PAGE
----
Climate change linked to possible mass Mexican migration to U.S.


Climbing temperatures are expected to raise sea levels and increase droughts, floods, heat waves and wildfires.

Now, scientists are predicting another consequence of climate change: mass migration to the United States.

Between 1.4 million and 6.7 million Mexicans could migrate to the U.S. by 2080 as climate change reduces crop yields and agricultural production in Mexico, according to a study published online this week in the Proceedings of the National Academy of Sciences. The number could amount to 10% of the current population of Mexicans ages 15 to 65.

“Assuming that the climate projections are correct, gradually over the next several decades heading toward the end of the century, it becomes one of the more important factors in driving Mexicans across the border, all other things being equal,” said study author Michael Oppenheimer, professor of geosciences and international affairs at Princeton University.

Of course, Oppenheimer acknowledged, all things will not remain equal. Changes could occur in U.S. immigration and border policy or in Mexico’s economy and its reliance on agriculture. But he said this was a simplified first step in studying the effect of global warming on migration.

“Our primary objectives were, No. 1, to give policymakers something to think about and, No. 2, to give researchers a spur to start answering some of the more complicated questions,” Oppenheimer said.

Oppenheimer teamed up with two economists, Alan B. Krueger and Shuaizhang Feng, to study the connection between agricultural decline and migration. They looked at Mexican emigration, crop yield and climate data from 1995 to 2005 to make estimates about the next 70 years.

In the past, Oppenheimer said, Mexican farmers from rural areas fled to the United States when they could no longer grow their crops. If the rising temperatures dry out the land and reduce yield as expected, many more farmers could do the same.

Philip Martin, an expert in agricultural economics at UC Davis, said that he hadn’t read the study but that making estimates based solely on climate change was virtually impossible.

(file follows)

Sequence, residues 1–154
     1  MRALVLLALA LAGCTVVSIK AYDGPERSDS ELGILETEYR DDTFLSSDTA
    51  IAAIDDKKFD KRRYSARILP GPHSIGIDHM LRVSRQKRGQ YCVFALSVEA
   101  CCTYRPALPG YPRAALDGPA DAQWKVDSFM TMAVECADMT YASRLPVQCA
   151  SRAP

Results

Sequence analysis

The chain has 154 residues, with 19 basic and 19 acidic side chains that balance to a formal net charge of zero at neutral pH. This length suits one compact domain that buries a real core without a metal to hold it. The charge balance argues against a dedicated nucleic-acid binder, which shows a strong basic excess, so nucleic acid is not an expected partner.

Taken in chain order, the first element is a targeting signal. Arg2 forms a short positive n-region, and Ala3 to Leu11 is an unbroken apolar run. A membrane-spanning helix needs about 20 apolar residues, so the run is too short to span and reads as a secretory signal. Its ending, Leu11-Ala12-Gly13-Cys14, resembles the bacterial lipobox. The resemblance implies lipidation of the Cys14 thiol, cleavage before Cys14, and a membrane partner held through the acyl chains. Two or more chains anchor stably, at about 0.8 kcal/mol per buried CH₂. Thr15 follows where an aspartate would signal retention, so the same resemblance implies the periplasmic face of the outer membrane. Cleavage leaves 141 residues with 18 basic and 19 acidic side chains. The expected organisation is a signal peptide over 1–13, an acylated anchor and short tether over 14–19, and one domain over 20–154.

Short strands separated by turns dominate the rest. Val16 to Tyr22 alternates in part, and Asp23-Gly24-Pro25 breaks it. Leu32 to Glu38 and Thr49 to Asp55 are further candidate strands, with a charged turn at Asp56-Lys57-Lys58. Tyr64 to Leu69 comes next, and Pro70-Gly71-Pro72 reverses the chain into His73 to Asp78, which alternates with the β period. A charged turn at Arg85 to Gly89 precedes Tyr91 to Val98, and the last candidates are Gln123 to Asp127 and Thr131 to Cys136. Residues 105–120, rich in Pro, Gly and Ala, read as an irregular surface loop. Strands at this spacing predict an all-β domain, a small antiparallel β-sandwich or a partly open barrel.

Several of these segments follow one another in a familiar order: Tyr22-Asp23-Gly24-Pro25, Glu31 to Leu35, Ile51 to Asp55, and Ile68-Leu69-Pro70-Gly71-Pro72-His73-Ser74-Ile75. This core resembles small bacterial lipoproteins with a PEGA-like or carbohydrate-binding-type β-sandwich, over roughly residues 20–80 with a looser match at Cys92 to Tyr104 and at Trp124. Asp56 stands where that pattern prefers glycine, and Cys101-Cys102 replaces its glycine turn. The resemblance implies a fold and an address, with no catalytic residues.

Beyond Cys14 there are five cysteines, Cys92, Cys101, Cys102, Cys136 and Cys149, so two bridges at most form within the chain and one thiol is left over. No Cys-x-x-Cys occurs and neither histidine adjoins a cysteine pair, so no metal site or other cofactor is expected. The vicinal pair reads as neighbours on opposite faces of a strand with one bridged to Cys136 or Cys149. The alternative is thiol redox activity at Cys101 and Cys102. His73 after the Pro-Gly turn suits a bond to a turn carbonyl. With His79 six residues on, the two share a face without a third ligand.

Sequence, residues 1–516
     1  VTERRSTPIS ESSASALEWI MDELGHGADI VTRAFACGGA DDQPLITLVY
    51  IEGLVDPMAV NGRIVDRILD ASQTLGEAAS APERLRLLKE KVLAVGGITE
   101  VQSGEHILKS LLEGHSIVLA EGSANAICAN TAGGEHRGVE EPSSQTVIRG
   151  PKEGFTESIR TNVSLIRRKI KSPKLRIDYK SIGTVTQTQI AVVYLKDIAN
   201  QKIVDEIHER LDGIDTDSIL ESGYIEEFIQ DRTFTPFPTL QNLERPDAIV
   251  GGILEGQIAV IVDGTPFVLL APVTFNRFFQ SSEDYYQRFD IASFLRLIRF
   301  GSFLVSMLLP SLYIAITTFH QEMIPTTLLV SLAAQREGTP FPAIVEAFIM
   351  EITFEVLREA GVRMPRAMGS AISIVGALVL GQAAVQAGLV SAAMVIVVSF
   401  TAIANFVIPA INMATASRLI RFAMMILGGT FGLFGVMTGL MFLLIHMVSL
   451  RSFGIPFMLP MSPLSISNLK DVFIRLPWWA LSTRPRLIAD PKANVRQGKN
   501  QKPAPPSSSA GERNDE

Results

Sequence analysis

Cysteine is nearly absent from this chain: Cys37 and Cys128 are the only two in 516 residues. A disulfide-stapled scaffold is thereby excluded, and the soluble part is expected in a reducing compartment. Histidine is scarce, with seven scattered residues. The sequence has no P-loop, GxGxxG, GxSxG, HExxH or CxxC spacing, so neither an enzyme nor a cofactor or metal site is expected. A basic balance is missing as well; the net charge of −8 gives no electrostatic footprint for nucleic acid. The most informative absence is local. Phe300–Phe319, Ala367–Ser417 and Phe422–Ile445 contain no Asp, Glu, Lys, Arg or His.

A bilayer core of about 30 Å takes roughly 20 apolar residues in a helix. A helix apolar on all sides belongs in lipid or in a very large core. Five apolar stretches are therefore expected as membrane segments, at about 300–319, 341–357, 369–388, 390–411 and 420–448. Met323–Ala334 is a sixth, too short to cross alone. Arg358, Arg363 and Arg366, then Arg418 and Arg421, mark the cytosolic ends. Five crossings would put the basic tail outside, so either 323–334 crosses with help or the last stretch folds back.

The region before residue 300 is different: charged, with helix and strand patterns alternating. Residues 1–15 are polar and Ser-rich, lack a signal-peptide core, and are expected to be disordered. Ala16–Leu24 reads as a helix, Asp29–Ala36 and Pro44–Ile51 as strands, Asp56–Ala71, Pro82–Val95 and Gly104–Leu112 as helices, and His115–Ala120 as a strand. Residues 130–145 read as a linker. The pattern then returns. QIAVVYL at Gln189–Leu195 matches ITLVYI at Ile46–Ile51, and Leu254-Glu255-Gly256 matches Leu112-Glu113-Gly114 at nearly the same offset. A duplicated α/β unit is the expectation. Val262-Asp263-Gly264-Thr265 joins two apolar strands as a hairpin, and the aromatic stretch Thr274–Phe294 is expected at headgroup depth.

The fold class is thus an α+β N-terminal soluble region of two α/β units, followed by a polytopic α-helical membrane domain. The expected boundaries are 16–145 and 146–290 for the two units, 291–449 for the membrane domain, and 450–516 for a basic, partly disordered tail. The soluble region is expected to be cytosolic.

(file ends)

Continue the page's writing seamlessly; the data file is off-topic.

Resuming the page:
“It is just awfully hard to separate climate change from the many, many other factors that affect people’s decisions whether to stay in agriculture or move,” he said.

Over the last 20 years, Mexico has seen a decline in the percentage of people who live in rural areas, Martin said. But much of that is because of economic growth in the nation. “As countries get richer, people leave agriculture,” he said.

Nevertheless, Martin agreed that global warming could make farming more difficult and lead to more emigration.

Douglas Massey, a sociology professor at Princeton, also agreed that climate change could lead to emigration from Mexico, but much of that will depend on labor demand in the U.S.

“Environmental change is not going to produce migrants from Mexico unless there are jobs to go to,” he said in an e-mail.

According to the study, other countries and regions dependent on agriculture could also see a similar exodus. Among the areas mentioned are much of Africa, India, Bangladesh and Latin America.

But Massey expressed skepticism about generalizing to other countries, because Mexico and the U.S. have a 60-year migrant history and share a 2,000-mile border. Mexico is also well connected to the U.S. labor demand through social networks.

“When economic shocks like climate change hit other developing countries … displacements from the countryside may happen, but they are not likely to produce so many international migrants,” Massey said.